For awhile now I have been putting my photography skills and effort into focusing on the realities of homelessness and attempting to break the stereotypes that plague the homeless here in Las Vegas.

Some of these people are addicted to drugs or alcohol, some are just doing the best they can with what life dealt them. I have met some that were just waiting around to die and others that were happy to be alive and had better attitudes than people I know that have millions stashed away in the bank.

Homeless people are just like us, I wonder why so many people forget that?

Some homeless facts:

On any given night in America, anywhere from 700,000 to 2 million people are homeless.

Single men comprise 44 percent of the homeless, single women 13 percent, families with children 36 percent, and unaccompanied minors seven percent.

The homeless population of the US is about 50 percent African-American, 35 percent white, 12 percent Hispanic, 2 percent Native American and 1 percent Asian.

28 percent said they sometimes or often do not get enough to eat

22 percent have been physically assaulted.

38 percent say someone stole money or things directly from them.

30 percent have been homeless for more than two years.

40% of homeless men have served in the armed forces

Approximately 20-25% of the single adult homeless population suffers from some form of severe and persistent mental illness

The average age is 40 – women tend to be younger.

An estimated 20% are physically disabled.

40% of homeless women are unaccompanied / have no partner

25% of homeless women claim to have been abused within the past year.

22% of homeless women claim domestic abuse as reason for their homelessness

Families are the largest and fastest growing segment of the homeless population.

10% of homeless people are under the age of 12

48% graduated from high school; 32% had a bachelor degree or higher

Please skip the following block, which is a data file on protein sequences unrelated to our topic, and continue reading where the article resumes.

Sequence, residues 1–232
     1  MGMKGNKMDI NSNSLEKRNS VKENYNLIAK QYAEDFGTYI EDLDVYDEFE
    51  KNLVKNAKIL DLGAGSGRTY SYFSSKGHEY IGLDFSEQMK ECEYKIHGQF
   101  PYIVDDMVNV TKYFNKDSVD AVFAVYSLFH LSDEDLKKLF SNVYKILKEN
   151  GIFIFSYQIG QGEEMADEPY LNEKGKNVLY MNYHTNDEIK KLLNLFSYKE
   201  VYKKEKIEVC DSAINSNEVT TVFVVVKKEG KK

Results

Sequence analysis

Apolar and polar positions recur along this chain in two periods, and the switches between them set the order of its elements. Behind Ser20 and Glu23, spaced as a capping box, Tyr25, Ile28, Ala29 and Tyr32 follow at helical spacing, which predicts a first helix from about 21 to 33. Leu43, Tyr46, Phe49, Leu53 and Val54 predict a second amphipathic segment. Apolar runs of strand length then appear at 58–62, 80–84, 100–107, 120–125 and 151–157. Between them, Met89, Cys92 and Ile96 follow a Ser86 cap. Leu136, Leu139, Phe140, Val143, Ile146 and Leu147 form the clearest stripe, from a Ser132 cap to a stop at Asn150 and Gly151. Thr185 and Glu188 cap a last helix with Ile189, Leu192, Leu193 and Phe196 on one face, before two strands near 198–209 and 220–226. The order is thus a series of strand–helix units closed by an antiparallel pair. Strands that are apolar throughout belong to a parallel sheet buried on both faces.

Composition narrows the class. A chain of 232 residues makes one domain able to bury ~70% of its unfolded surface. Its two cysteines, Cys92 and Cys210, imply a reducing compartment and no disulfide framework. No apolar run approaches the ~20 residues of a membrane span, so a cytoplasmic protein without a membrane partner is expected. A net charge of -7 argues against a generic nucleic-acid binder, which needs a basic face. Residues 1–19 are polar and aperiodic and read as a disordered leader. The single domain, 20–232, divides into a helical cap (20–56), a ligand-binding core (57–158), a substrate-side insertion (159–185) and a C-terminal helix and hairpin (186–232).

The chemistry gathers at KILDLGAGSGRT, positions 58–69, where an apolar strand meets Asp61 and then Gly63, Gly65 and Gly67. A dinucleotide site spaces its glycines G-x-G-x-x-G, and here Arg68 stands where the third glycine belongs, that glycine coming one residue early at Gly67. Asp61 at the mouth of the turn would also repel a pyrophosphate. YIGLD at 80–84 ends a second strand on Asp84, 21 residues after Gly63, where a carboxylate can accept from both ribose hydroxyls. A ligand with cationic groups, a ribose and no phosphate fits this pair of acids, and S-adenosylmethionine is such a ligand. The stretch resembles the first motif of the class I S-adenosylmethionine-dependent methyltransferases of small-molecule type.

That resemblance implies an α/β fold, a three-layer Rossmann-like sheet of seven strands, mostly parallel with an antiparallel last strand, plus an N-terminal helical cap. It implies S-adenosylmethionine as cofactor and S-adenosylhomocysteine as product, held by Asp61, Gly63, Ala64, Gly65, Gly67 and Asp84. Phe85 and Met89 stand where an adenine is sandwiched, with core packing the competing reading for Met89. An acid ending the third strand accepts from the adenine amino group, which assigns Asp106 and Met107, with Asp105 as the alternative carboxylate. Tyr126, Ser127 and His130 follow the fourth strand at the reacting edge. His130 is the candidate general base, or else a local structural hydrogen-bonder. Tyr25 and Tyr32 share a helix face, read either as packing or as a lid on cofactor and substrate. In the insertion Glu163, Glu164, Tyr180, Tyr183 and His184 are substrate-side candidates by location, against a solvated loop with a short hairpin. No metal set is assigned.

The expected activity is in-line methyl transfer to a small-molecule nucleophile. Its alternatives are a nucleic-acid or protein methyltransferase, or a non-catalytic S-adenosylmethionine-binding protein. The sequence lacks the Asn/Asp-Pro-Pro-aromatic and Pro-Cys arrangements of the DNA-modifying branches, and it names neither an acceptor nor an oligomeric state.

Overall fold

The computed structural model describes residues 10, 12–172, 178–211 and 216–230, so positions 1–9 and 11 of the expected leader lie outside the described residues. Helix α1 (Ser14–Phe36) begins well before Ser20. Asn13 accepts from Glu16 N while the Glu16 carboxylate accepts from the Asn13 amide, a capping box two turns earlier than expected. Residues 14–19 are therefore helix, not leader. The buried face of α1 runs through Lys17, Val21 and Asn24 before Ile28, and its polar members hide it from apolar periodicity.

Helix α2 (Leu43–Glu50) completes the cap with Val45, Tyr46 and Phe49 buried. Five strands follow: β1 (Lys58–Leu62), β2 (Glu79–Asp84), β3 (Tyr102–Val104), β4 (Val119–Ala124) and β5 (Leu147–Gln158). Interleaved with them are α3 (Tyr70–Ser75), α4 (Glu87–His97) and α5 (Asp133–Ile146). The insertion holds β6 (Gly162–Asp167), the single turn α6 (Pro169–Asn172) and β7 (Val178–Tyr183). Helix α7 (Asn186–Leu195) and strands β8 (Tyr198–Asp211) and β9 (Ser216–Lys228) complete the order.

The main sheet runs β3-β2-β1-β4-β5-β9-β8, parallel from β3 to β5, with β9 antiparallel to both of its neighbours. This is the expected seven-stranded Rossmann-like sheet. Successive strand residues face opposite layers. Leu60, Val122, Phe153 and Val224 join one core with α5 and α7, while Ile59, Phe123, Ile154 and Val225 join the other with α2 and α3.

Pertaining to homelessness, I hope that people remember a couple things.

When dealing with homeless people always lead with your heart, but don’t leave your good sense behind. Only do those things which you know for certain will work towards moving homeless people out of homelessness. Often, people will do things for homeless people in hopes of doing some good, but their efforts end up doing more harm than good. If you don’t know for certain that your efforts will move homeless people towards something positive, it’s better to do nothing at all.

Regardless of what a homeless person might say, no one ever wants to be homeless. Given the hand that life has dealt them, homeless people may believe that being homeless is the best situation to be in. The truth, though, is that these people need to be dealt new cards, and given another chance of having a worthwhile life.

There is a lot of misinformation circulating regarding homelessness. Some of it comes from people who hate, or are afraid of, homeless people. Yet some of it comes from the homeless and homeless advocates themselves. Truth is difficult to discern, even in the best of circumstances. In the realm of homelessness, (such as in war), “truth” is the first casualty. Still, I believe whole heartedly in the idea that “the truth will set you free.” Help homeless people discover the truth about themselves and you’ll free them from the condition that prevents them from getting the help they need.

The best thing you can give a homeless person is yourself, your time, your friendship, your genuine concern. Homeless people feel alone and ostracized from society. Knowing that they are still accepted by society, that they are welcome to rejoin the community, is vital.

Want to help? Yes, you can make a difference!

Ever think about donating something to one of the homeless shelters? It is a safe and sure way to help those you see that are living on the street. Below are a few of the homeless shelters that I support. Please do what you can and remember, you DO make a difference.

Las Vegas Rescue Mission
The Shade Tree (Women & Childred Shelter)
The Nevada Partnership for Homeless Youth


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